“Maria, your book is a great read! It’s full to bursting with innovative and invalu-able tips for increasing website profits. The chapter “From Prospects to Pur-chasers: The Psychological Motivators” is a power-packed bomb—it blew mymind!” —Mekhola Majumdar, www.writingwealth.com“I’m so glad you’ve written a book that teaches exactly how you produce copy-writing masterpieces that sell like crazy. One day, I hope to be half as good a webcopywriter as you.” —Ardi Bakri, Singapore, http://www.clubs5678.com“Web Copy That Sells is an absolute necessity for anyone who wants to write riv-eting web copy. The blueprint alone slashes hours off of writing. Thanks, Maria,for a power-packed book!” —Nancy Travis, Web Copywriter, Miami, Florida“I have a pretty thorough grounding in offline copywriting, but I’ve found themethods and techniques described in your book quite mind-boggling. They gobeyond common practice and embrace a practicality that makes the whole dis-cipline very comfortable. Much of what you’ve introduced is applicable tooffline work as well. I thank you for expanding my vision of how this craft can bepracticed and for opening my mind to developing a much broader array of toolsto use.” —Bruce Midgett, Missoula, Montana“Maria, I just finished the first read-through of your book, Web Copy That Sells.Boy, you are some kind of genius or something! I’ve read tons of copywritingbooks and as I read through your book, I kinda got a hole in my stomach, butalso got really excited realizing how my approach has not been all that wellthought out—and how it could be a whole lot better! I’ve gotten good conver-sions before your book came around, and I can’t even imagine what’s going tohappen when I implement your ideas! Your copywriting impresses the heck outof me . . . but what impresses me even more is your ability to teach your tech-niques so clearly. You’ve really got a gift, Maria.” —Paul Schlegel, St. Louis, Missouri, www.learnfastearnfast.com
“Maria, I cannot even begin to tell you how much I’m enjoying myself writingcopy the way you’ve taught it in your book! I just love it—and whenever I writecopy for anyone, they’re always blown away by the results! And I’ve just barelygotten started. I actually look forward to getting out of bed every single day towrite this way. I’m so grateful that I found your book! This has changed my life—and at a time when I was stagnating after doing non-stop traditional marketingfor over 20 years. So glad I found your book—so glad, so glad . . .” —Susan B. Loebl, Web Copywriting Specialist, www.webcopywriting.us”Maria, I shared some of the concepts I learned from your book with the presi-dent of one company and a few other close friends—all of whom had a similar“Aha!” experience as I did . . . It had nothing to do with me, of course. It wasyour book—and I told them so . . . What a wonderful paradigm shift—yourideas are definitely profound and mind-blowing.” —Robert Durant, Raleigh, North Carolina“By the time you finish reading Maria’s incredible book, you’ll know more than99% of your competitors when it comes to making web visitors pull out theircredit cards and buy what you’re selling. “The truth is, I’ve invested a ton of money in my copywriting education overthe years and there isn’t anything like her easy-to-follow, step-by-step blueprintfor writing irresistible web copy. “So the only real question you should ask yourself is this: How soon do youwant to start increasing your income or profits exponentially? “For all these reasons, take the next step and get her fantastic book right now,while it’s fresh on your mind. You’ll be glad you did.” —Tony Ostian, Certified Master of Web Copywriting, www.webCopyGuy.com“Maria, you have definitely revolutionized the proper techniques for writingweb copy that sells! Your book is absolutely the most astonishing, and easy-to-follow guide for business owners who want to take their business 10 steps for-ward and start making a name for themselves in the online world. Thank you,Maria. You’re absolutely amazing!” —Carlos Garcia, Publisher, Wealthy Secrets Newsletter, London, Ontario, Canada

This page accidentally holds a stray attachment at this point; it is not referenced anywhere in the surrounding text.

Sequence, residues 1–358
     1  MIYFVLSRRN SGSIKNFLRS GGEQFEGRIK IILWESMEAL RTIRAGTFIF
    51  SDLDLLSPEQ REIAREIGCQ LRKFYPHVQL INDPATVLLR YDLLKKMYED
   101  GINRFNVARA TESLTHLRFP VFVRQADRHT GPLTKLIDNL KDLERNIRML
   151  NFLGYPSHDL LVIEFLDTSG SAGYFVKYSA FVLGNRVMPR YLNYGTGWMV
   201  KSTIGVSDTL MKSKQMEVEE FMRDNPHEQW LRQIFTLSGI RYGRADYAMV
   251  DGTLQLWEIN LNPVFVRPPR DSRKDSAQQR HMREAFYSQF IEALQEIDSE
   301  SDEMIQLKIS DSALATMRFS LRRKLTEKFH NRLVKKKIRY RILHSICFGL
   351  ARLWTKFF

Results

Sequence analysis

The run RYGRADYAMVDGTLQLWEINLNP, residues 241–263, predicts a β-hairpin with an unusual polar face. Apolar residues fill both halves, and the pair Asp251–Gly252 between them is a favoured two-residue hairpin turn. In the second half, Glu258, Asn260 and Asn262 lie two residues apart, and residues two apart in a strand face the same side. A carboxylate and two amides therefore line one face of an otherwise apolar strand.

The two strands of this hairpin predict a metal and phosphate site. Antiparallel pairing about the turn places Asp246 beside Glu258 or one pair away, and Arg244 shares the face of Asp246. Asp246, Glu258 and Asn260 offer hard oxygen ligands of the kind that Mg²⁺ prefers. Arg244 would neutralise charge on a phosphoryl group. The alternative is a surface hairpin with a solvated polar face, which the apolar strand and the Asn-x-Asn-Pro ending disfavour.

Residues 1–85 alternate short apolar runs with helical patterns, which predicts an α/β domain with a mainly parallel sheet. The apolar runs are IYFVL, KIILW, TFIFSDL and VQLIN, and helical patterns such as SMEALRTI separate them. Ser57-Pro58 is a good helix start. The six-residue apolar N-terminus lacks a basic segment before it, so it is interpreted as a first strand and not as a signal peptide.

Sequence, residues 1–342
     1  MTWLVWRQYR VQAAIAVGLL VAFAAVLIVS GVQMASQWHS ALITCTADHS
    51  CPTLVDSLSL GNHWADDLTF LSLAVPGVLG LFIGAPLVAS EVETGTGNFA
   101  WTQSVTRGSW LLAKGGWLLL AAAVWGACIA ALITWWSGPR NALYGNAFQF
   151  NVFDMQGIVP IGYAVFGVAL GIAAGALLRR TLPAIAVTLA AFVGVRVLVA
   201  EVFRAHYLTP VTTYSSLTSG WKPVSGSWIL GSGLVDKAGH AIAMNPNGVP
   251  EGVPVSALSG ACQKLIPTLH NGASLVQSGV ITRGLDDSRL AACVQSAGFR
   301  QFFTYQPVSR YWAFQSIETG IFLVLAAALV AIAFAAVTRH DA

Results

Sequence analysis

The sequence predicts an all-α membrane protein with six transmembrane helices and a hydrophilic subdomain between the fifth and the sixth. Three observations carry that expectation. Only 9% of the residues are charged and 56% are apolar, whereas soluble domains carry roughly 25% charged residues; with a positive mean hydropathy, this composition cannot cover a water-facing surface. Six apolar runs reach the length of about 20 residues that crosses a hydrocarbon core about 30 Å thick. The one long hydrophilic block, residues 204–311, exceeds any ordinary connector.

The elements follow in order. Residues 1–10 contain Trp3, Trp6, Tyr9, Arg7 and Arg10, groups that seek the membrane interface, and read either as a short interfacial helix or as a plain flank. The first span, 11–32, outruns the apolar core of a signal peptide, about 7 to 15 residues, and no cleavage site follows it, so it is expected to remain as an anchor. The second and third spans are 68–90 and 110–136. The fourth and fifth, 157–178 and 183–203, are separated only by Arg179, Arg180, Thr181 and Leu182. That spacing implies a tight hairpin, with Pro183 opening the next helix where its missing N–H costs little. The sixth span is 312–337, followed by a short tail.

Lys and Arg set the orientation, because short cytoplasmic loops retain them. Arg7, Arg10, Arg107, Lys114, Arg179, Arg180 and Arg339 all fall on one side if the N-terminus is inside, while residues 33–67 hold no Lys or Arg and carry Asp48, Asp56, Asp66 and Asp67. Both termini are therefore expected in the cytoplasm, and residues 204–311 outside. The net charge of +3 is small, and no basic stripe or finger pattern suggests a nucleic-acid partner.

WEB COPYTHAT SELLS The Revolutionary Formula for Creating Killer Copy Every Time Maria Veloso American Management AssociationNew York • Atlanta • Brussels • Chicago • Mexico City • San Francisco Shanghai • Tokyo • Toronto • Washington, D. C.
Contents Foreword xv Acknowledgment xxi Introduction 11 GETTING STARTED: THE DYNAMICS OF WEB SELLING 9 Three Fundamental Rules for Writing Web Copy that Sells 10 Rule 1. Don’t Make Your Website Look Like an Ad 11 Rule 2. Stop Readers Dead in Their Tracks 13 Rule 3. Capture E-Mail Addresses 16 The First Look 19 Web Copy Dos and Don’ts 22 Reading on the Web 26 Words Tell, Emotion Sells 28 How to Become a Great Web Copywriter in Five Hours or Less 31